Since March 2015 and as of 8 February, OHCHR has documented 15,467 civilian casualties, with 5,974 killed and 9,493 injured.

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World loses a 'human rights giant,' says UN chief on death of rights expert Asma Jahangir

INTERNATIONAL, 11 February 2018 – United Nations Secretary-General António Guterres on Sunday expressed his sorrow at the demise of prominent human rights defender and UN Special Rapporteur Asma Jahangir, who passed away at the age of 66.

“We have lost a human rights giant,” said Mr. Guterres in a statement.

“Asma was brilliant, deeply principled, courageous and kind […] She will not be forgotten,” he added, expressing his condolences to Ms. Jahangir's family, friends and colleagues, including in the UN and civil society.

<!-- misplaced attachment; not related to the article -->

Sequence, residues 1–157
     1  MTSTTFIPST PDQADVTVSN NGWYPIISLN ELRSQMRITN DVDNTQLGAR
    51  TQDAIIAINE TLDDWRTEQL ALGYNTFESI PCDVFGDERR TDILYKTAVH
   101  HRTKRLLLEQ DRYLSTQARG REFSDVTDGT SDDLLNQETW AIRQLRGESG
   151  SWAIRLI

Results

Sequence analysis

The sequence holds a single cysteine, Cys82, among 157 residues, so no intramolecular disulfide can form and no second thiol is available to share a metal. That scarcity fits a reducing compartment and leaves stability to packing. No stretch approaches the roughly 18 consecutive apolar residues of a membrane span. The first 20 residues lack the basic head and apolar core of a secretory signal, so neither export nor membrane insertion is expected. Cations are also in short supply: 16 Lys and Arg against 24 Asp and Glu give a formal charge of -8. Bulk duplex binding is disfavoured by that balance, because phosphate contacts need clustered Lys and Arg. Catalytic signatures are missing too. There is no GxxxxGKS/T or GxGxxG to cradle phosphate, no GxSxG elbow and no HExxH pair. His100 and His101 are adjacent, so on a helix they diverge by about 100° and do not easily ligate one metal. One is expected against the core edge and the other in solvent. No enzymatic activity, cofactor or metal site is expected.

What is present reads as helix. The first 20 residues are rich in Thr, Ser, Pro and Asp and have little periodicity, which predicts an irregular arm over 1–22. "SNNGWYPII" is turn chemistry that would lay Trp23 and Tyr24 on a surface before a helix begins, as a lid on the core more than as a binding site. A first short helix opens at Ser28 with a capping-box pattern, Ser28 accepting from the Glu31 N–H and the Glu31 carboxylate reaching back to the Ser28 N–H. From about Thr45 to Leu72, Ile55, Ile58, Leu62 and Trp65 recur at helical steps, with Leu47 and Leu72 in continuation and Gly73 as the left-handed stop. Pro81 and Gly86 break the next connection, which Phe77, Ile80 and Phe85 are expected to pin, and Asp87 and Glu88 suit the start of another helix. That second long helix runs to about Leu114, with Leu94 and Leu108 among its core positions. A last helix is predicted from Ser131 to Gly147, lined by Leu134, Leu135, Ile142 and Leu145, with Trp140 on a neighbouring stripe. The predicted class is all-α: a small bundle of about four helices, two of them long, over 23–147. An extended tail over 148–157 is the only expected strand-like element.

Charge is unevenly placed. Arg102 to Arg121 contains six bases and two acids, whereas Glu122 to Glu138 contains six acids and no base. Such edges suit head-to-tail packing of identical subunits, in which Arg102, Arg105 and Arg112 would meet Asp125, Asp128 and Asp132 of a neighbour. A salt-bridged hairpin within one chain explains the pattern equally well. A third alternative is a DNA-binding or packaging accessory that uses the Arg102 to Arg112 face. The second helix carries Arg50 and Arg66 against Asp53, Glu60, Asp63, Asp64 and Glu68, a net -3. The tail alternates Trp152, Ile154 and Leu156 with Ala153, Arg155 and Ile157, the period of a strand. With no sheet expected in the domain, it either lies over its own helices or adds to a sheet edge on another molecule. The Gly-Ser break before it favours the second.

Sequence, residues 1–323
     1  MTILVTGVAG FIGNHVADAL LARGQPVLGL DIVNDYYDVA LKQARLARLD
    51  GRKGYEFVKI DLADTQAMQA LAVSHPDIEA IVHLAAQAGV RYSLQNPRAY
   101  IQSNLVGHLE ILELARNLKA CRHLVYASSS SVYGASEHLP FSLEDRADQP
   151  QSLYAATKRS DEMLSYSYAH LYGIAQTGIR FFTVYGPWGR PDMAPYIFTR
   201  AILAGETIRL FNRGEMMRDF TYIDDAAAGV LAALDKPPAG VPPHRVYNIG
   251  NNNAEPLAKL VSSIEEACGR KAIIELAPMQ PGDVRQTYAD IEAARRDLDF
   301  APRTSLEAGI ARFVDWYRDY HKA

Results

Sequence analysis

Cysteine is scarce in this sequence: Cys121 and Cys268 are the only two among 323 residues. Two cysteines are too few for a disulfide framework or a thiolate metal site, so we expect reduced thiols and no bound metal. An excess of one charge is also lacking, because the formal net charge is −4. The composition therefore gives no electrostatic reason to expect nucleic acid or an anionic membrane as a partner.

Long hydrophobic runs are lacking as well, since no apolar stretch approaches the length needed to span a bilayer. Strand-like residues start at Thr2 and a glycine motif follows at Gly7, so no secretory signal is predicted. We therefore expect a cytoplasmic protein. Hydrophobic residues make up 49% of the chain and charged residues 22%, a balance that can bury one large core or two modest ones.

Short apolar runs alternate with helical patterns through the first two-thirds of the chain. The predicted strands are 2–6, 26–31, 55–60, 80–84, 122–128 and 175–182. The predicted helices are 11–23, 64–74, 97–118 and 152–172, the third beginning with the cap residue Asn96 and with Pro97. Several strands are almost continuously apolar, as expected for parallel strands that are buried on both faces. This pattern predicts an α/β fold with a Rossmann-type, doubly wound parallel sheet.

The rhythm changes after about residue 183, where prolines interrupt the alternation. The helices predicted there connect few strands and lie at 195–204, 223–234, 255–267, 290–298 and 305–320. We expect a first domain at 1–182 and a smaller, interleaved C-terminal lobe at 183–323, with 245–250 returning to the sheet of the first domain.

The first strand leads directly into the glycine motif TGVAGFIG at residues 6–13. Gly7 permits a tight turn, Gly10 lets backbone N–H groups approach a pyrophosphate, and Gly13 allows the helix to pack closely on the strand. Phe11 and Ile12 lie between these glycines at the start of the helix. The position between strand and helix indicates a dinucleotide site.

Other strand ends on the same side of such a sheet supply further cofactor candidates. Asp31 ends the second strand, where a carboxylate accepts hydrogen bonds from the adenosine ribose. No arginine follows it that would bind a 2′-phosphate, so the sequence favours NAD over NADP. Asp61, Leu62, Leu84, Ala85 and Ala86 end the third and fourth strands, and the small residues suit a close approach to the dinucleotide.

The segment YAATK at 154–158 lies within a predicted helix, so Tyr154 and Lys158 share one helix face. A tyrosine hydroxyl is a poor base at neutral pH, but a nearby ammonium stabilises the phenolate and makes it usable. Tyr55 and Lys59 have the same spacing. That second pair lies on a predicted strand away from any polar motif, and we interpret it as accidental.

She reportedly suffered a cardiac arrest and was taken to hospital, where she passed away.

Ms. Jahangir was the current UN Special Rapporteur on the situation of human rights in Iran, having assumed the position on 1 November 2016. Earlier, from 1998 to July 2004, she was the Special Rapporteur on extrajudicial, summary or arbitrary executions, and from August 2004 to July 2010, the Special Rapporteur on freedom of religion or belief.

A national of Pakistan, Ms. Jahangir, was recognized both nationally and internationally for her contribution to human rights and was the recipient of major human rights awards. She worked extensively in the field of women's rights, protection of religious minorities and in eliminating bonded labour.